Yesterday I found this Architectural studio accidentally and I thought you may like it too. It turns out the studio is Lebanese, but they work on both local and international projects from two offices, one in Beirut and the other in New York. Here are some of their work.
Type: Residential building
Location: Mar Mikael, Beirut
3D renders: soma-architects
3D renders: soma-architects
Location: Pierre Gemayel Ave
3D renders: soma-architects
Photography: soma-architects and e-architect
Check out the other Lebanese studio that I like HERE.
I must admit that as a middle eastern girl I am passionate about Islamic architecture. Unfortunately, in university we don’t study much about it, we mostly focused on Europe. So I research some places and buildings on internet and here is what I found this week. Dar Al Hajar is a Yemeni architectural wonder and symbol of the country. It is located at the western suburbs of Sana’a (the capital of Yemen). It is perched atop a rock pinnacle at the famous Wadi Dhahr Valley. The historical five-storey palace was built by Yemen’s ruler Imam Mansour Ali Bin Mehdi Abbas in 1786 AD. The building was superbly shaped and constructed to accommodate the rocks. In the 1930s, the late Yemeni monarch Imam Yahya Hameed Al-Din added the upper story and annexes and used it as his summer residence. Now it’s museum and it’s open to the public. I recommend you to watch the clip below and also check out this 3D virtual tour of the palace.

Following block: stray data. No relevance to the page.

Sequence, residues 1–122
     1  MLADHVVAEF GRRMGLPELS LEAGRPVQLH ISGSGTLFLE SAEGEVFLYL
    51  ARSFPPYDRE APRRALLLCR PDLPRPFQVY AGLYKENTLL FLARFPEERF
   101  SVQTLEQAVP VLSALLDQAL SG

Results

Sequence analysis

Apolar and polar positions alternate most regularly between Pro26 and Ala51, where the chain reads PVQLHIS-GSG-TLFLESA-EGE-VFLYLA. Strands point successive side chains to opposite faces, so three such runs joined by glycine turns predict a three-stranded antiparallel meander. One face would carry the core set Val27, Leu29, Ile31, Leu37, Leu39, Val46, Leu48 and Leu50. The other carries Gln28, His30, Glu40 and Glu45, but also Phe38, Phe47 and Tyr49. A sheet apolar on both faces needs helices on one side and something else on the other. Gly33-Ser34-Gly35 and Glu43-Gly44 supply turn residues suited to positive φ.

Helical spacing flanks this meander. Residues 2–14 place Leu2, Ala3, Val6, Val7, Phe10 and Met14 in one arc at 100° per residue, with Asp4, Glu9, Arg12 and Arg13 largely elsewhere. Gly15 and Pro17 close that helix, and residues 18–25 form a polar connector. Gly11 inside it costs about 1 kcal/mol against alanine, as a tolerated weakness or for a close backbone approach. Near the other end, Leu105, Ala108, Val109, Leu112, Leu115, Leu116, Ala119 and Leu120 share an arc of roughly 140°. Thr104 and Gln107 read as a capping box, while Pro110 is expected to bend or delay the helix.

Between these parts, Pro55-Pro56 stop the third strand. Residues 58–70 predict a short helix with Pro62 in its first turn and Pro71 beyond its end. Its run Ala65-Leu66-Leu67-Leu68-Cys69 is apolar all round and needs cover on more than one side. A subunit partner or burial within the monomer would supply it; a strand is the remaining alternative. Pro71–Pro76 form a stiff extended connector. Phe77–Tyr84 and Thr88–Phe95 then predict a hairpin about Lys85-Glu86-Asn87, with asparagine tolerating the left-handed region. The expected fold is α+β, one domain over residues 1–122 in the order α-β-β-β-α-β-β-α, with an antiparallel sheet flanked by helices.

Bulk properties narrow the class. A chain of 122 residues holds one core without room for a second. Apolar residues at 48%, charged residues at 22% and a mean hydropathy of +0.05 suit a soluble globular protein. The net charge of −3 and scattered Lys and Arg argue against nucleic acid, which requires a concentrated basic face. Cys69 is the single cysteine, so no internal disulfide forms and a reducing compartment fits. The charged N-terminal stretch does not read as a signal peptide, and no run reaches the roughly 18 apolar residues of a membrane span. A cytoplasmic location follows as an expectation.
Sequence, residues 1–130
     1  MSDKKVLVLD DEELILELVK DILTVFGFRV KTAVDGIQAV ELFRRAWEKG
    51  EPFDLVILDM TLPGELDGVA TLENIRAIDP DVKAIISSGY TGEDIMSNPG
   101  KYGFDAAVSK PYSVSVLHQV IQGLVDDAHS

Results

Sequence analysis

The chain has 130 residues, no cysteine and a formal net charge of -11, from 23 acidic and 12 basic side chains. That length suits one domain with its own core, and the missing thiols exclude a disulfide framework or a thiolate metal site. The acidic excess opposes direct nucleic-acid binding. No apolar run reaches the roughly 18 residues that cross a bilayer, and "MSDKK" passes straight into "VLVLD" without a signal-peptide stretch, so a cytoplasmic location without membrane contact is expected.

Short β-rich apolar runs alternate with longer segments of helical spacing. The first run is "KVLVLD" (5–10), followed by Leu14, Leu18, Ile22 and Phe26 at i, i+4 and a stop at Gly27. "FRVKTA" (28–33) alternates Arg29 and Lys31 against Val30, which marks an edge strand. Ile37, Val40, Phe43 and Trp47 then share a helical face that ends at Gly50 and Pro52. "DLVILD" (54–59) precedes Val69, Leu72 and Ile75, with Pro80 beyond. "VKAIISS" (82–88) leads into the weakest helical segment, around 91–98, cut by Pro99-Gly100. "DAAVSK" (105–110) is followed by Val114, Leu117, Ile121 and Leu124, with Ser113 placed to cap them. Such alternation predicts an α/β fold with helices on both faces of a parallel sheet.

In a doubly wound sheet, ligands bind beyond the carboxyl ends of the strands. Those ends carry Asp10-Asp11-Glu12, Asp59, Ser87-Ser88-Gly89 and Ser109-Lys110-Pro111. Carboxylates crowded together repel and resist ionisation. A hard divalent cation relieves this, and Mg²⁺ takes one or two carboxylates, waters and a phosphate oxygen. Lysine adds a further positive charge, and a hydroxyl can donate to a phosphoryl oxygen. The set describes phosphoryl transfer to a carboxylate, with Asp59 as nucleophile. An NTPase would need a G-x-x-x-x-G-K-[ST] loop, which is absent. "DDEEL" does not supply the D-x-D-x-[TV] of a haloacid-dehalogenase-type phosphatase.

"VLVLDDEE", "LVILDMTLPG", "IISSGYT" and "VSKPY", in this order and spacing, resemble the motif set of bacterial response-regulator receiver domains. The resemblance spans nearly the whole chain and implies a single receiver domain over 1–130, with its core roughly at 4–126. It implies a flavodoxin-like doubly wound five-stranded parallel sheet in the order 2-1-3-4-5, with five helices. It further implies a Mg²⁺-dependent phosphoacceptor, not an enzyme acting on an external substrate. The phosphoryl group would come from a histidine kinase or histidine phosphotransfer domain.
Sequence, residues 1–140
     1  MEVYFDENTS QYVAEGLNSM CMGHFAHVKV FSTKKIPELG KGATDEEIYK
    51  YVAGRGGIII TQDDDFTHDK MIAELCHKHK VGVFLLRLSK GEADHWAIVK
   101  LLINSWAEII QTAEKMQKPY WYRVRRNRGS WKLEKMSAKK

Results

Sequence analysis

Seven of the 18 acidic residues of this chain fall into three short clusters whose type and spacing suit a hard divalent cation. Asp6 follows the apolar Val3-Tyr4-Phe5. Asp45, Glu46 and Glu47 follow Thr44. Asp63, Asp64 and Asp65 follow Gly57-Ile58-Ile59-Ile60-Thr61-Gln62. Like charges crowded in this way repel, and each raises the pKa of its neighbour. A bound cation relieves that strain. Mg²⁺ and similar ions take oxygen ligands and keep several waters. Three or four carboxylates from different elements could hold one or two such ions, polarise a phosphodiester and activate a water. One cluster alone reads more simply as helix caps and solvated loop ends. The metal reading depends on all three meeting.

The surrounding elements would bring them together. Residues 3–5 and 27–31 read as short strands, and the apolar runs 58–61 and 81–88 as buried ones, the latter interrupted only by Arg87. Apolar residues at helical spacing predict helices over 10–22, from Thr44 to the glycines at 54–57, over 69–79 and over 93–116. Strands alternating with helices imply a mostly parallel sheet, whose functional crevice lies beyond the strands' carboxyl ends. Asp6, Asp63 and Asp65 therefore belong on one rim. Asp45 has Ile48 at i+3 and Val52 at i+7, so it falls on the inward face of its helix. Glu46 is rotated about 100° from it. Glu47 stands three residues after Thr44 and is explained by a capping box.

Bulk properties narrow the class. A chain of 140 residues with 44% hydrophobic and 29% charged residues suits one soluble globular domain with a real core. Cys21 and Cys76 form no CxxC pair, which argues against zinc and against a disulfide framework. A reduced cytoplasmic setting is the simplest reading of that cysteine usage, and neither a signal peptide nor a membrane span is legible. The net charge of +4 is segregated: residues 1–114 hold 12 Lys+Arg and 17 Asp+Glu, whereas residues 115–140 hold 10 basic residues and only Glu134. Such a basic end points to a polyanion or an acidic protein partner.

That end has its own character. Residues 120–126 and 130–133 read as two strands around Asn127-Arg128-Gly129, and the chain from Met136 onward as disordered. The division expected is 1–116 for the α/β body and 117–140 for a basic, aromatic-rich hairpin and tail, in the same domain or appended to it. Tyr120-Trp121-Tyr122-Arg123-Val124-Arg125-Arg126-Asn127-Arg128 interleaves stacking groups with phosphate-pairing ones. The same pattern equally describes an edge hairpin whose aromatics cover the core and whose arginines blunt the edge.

Photograph: Matthew & Sanae (MaSa), Flickr * via travelthemiddleeastPhotograph: yeowatzup, Flickr * via travelthemiddleeast Photographs: ekskurziiPhotograph: Antti Salonen via Wikipedia
View from the roof Photographs: traveladventures
Photograph: Michail Vorobyev via 2leep
There is something else I want to share with you, that is not associated with the subject. We suffered an earthquake 5,8 Richter here in Sofia. It struck at 2:58 am Tuesday morning. It was very strong. I’ve never experienced anything like this. We fled our homes and gathered in the streets, where we spent the rest of the night. It was a real nightmare. Thank God, there are no casualties or significant damage, but a lot of broken glass, brick pieces, mortar to be cleaned.